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The Self Concept

The Self Concept

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Published by: shivakumar N on Jul 03, 2009
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The Self Concept The Self Concept

A Presentation by Indranil Mutsuddi

What do we mean by the Self

The self refers to the conscious reflective personality of a person. If we develop a higher thinking for ourselves, the beliefs and values between the real and ideal self will expand, and therefore we can make more developed morals and reasons, when we know who we are. The study of the self involves significant methodological problems, especially concerning consciousness. Some of these are taken up in philosophy of mind and metaphysics.

What does Self Concept Mean ?

The Self Concept

Self-concept or self identity is the mental and conceptual understanding and persistent regard that sentient beings hold for their own existence. It is the sum total of a being's knowledge and understanding of his or her self. The self-concept is different from self-consciousness, which is an awareness or preoccupation with one's self.

Components of Self Concept
Components of the self-concept include:  Physical  psychological and  social attributes These attributes can be influenced by an individual's attitudes, habits, beliefs and ideas. These components and attributes can not be condensed to the general concepts of self-image and the self-esteem.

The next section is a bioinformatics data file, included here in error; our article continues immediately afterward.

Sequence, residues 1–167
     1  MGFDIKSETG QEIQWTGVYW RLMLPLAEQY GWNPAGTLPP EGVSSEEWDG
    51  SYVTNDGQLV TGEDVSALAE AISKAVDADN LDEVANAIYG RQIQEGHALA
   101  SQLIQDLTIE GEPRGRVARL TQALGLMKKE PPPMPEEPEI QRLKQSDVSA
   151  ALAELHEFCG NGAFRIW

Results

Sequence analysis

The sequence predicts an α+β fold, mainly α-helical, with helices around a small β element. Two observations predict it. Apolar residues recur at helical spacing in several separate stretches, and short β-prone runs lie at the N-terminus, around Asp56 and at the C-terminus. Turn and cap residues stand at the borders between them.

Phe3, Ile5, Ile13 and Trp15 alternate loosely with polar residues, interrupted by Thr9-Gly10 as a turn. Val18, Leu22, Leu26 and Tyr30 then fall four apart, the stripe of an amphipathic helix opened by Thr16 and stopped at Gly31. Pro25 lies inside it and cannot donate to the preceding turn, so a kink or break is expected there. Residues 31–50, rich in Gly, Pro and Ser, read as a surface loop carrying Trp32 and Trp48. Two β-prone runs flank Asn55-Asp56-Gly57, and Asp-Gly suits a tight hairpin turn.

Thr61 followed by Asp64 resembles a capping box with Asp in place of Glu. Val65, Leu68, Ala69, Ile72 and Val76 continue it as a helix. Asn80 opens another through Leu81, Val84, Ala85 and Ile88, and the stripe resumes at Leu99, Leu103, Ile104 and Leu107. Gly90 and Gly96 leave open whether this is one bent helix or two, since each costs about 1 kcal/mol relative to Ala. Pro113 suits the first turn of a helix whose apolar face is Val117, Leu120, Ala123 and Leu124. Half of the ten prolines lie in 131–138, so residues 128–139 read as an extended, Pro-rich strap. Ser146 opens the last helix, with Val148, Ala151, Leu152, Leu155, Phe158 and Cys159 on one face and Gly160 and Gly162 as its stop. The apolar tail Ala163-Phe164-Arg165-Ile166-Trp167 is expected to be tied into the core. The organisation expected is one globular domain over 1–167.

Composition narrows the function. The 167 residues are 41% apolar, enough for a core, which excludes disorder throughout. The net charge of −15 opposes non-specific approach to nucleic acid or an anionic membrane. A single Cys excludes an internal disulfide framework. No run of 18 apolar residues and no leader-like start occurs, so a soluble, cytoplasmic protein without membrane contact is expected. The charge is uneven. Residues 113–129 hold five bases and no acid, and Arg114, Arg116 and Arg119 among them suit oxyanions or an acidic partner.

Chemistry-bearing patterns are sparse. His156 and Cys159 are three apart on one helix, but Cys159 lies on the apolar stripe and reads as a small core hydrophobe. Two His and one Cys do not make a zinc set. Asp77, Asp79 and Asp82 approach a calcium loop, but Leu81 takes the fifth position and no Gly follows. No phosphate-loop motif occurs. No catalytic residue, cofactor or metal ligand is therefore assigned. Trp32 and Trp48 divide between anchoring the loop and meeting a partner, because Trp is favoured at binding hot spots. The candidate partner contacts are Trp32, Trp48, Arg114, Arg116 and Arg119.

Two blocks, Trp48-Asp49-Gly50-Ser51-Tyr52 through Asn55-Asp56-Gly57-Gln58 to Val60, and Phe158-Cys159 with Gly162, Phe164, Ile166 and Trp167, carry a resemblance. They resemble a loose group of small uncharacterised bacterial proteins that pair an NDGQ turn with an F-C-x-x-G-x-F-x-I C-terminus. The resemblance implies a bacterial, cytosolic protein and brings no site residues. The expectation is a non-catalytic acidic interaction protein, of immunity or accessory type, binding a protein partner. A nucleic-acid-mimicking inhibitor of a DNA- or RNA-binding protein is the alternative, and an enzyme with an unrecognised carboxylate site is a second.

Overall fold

Are U Selfish??

Think about yourself..

Major Qualities of Self Concept

It is learned It is organized, and It is dynamic

Keep believing in urself

Self-concept is learned
Self Concept gradually emerges in the early months of life and is shaped and reshaped through repeated perceived experiences, particularly with significant others.

Self-concept is learned: Implications

Because self-concept does not appear to be instinctive, but is a social product developed through experience, it possesses relatively boundless potential for development and actualization. Because of previous experiences and present perceptions, individuals may perceive themselves in ways different from the ways others see them. Individuals perceive different aspects of themselves at different times with varying degrees of clarity. Therefore, inner focusing is a valuable tool for counseling.

Self-concept is learned: Implications

Any experience which is inconsistent with one's self-concept may be perceived as a threat, and the more of these experiences there are, the more rigidly self-concept is organized to maintain and protect itself. When a person is unable to get rid of perceived inconsistencies, emotional problems arise. Faulty thinking patterns, such as dichotomous reasoning (dividing everything in terms of opposites or extremes) or overgeneralizing (making sweeping conclusions based on little information) create negative interpretations of oneself.

Self-concept is organized